By Reed Fischer
By Anna Gulbrandsen
By Jeff Gage
By Stacy Schwartz
By Natalie Gallagher
By Erik Thompson
By Jeff Gage
By Loren Green
ED ACKERSON WAS more than 10 years into his career as a local bandleader/producer when he ditched his own game plan and came up with Polara, a four-track porch experiment that birthed a buzz band. On C'est la Vie, the group bravely fights off the sophomore slump. Though less intense than Polara, this is Ackerson at his most confident and technically proficient, staggering out of the major-label gate with the pumped-up self-assurance and over-the-top guitar effects of any rock band that's preparing to take over the world.
The pleasures of C'est la Vie's noise-pop innovations reveal themselves slowly, but it is also Ackerson's most commercial outing. "Sort It Out," for example, is a miracle radio hook with a song attached, and except for a nine-minute breakbeat weirdout on the hidden 13th track, C'est la Vie is in part an unexpected return to the pop roots that Ackerson last purged on 1992's Up by 27 Various. At times it pays blatant tribute to Ackerson's all-time favorite band, the Who: the Tommy-boy power chords of "Light the Fuse and Run," or bassist Jason Orris's spidery runs on "Sort It Out." Along the way Ackerson gets a bit political ("Quebecois" and "Pantomime," about provincialism and Republicans, respectively), and in the record's last half swerves towards self-doubt and introspection.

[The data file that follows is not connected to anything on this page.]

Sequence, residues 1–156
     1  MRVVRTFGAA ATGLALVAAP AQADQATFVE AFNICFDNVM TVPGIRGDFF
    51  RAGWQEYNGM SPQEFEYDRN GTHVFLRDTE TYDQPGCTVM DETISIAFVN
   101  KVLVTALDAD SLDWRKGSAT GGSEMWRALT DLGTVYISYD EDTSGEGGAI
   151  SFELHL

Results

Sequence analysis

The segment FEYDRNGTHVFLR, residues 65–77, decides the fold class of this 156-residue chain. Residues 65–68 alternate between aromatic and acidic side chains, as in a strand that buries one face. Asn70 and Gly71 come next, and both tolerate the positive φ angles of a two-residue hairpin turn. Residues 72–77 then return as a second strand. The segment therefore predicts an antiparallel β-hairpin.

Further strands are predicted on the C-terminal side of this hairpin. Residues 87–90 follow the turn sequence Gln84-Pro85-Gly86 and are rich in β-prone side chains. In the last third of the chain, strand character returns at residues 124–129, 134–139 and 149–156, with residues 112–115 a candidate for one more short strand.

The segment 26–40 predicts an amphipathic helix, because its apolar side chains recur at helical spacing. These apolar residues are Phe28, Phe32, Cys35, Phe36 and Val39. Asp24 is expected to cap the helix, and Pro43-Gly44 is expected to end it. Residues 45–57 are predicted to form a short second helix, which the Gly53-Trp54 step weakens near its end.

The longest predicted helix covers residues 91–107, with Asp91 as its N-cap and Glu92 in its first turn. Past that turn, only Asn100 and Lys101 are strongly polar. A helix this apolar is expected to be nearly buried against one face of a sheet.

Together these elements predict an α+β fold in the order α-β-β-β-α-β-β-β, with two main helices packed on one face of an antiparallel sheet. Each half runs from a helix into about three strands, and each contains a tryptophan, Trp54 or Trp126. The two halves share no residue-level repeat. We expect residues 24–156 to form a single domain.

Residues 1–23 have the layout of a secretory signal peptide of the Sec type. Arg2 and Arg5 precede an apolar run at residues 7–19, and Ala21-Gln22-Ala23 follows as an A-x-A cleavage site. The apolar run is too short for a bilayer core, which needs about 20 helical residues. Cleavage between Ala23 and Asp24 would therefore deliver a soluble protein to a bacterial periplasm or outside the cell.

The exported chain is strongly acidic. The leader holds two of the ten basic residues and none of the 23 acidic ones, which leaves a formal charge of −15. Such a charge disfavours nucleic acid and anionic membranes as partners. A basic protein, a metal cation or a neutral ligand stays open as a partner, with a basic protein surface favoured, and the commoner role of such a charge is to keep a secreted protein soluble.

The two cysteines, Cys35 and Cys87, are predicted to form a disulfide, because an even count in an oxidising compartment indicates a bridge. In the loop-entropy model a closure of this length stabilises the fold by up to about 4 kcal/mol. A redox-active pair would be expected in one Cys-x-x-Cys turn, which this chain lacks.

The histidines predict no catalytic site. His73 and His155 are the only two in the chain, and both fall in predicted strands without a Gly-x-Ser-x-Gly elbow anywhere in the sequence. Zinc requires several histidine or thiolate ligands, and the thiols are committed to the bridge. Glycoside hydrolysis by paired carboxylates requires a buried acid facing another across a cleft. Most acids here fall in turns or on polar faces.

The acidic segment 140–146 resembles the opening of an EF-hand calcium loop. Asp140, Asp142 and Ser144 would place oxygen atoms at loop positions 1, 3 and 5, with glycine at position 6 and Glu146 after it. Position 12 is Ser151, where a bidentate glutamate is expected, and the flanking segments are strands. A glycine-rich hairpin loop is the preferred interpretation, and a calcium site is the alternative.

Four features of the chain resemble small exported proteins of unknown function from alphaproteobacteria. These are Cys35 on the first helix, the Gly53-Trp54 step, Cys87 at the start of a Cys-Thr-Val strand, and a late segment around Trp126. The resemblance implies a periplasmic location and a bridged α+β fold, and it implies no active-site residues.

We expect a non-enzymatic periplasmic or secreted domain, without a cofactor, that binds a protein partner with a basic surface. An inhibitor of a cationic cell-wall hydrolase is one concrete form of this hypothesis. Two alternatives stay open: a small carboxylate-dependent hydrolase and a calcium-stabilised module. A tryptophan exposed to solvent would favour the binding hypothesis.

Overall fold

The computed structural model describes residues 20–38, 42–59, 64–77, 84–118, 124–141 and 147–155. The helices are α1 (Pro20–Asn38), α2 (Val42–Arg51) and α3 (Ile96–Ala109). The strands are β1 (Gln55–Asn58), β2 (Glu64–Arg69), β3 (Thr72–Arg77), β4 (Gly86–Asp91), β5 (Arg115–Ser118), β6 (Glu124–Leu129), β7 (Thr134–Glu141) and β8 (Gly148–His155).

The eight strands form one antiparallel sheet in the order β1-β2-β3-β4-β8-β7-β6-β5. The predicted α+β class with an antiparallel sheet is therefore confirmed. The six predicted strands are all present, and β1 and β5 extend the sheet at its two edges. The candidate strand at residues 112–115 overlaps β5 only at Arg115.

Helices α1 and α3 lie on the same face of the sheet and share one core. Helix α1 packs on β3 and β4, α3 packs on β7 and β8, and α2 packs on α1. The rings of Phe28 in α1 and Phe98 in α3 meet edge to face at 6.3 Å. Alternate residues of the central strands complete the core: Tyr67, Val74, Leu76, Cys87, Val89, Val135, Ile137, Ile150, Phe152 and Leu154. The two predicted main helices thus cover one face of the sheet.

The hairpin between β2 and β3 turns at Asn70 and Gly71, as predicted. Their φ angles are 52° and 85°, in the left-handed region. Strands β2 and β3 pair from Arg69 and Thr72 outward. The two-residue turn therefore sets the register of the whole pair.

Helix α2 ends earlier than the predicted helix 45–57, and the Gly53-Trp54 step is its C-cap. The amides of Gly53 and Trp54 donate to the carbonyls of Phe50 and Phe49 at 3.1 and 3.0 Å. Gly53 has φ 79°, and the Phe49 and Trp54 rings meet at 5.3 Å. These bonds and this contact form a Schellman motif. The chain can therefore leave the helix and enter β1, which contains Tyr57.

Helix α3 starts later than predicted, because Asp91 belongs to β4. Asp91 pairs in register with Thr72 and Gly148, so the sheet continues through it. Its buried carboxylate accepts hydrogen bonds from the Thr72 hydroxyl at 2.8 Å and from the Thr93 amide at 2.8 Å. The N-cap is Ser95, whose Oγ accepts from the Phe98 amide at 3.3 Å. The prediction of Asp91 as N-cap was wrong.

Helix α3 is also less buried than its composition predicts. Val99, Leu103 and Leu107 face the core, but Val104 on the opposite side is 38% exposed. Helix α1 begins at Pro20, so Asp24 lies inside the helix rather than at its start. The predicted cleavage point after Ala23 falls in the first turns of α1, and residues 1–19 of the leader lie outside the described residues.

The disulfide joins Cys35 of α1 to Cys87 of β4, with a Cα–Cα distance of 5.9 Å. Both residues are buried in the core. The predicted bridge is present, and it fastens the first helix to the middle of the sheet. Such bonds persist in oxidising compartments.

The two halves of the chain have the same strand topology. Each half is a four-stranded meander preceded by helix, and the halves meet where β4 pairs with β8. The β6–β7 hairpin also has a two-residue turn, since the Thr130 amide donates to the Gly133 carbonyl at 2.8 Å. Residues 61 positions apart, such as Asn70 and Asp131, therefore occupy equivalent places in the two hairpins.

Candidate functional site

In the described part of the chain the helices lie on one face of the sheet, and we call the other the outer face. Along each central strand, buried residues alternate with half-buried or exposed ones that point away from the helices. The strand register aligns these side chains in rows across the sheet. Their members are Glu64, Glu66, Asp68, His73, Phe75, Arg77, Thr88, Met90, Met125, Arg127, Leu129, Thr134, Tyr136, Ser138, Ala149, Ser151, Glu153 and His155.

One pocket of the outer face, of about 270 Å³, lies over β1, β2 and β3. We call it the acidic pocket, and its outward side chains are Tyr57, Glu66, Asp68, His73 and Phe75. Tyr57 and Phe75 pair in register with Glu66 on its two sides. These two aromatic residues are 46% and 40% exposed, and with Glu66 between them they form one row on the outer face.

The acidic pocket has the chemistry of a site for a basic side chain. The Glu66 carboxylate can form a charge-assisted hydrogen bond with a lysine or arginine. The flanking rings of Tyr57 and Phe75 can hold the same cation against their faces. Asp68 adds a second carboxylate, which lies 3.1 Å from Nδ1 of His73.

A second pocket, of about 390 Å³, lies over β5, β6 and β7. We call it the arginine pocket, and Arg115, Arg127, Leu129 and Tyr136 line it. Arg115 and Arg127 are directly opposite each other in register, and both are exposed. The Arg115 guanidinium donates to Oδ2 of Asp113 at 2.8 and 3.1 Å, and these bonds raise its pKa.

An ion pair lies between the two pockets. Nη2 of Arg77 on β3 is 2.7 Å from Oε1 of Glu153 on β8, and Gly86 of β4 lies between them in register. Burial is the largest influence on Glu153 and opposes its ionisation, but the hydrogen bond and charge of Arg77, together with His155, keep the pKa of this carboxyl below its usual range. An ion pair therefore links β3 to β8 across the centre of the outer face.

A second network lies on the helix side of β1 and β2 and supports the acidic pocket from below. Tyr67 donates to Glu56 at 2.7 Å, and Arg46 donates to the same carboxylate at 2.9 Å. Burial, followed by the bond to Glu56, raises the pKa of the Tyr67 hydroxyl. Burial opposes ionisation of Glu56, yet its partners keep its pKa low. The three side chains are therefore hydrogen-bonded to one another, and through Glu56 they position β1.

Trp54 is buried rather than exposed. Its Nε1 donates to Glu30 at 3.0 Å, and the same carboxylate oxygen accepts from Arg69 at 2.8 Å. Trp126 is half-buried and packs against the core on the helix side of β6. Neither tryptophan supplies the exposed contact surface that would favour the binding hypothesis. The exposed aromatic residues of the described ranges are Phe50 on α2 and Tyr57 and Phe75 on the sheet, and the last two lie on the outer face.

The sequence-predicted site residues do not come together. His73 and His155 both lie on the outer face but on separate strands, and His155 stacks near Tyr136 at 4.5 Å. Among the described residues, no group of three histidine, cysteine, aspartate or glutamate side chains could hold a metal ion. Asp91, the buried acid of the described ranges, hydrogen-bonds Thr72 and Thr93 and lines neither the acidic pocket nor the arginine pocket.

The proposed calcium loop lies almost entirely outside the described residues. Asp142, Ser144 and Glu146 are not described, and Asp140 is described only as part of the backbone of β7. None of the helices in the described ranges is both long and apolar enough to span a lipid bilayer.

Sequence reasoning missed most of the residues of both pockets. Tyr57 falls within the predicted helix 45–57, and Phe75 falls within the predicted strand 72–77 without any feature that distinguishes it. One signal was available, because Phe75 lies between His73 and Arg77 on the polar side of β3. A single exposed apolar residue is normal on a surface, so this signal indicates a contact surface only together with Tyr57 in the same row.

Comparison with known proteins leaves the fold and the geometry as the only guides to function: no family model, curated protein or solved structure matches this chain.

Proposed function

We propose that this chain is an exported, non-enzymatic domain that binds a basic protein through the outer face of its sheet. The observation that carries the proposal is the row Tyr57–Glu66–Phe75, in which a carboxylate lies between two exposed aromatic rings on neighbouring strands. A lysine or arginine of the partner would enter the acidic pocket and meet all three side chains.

The latter detour is especially compelling, as it has the universal markings of someone questioning his own dreams on the verge of their finally coming true. "Incoming" is about waiting his entire life for a moment that's "over in half the time it took to come on"; "Idle Hands" conjures the "ball of delusion" of career crisis. On "Other Side," the big-label signee comments on "indie rock from the office block," execs who "joke and flirt in your X-Girl shirt," and so on. The songs might come off as trite without Ackerson's gorgeous presentation: on the latter, a swooning, fluttery guitar that carries the pathos up to the clouds and beyond, leaving meaning far behind. And that's Ed Ackerson, guitar hero and studio maestro. The story, in the end, is in the sound.
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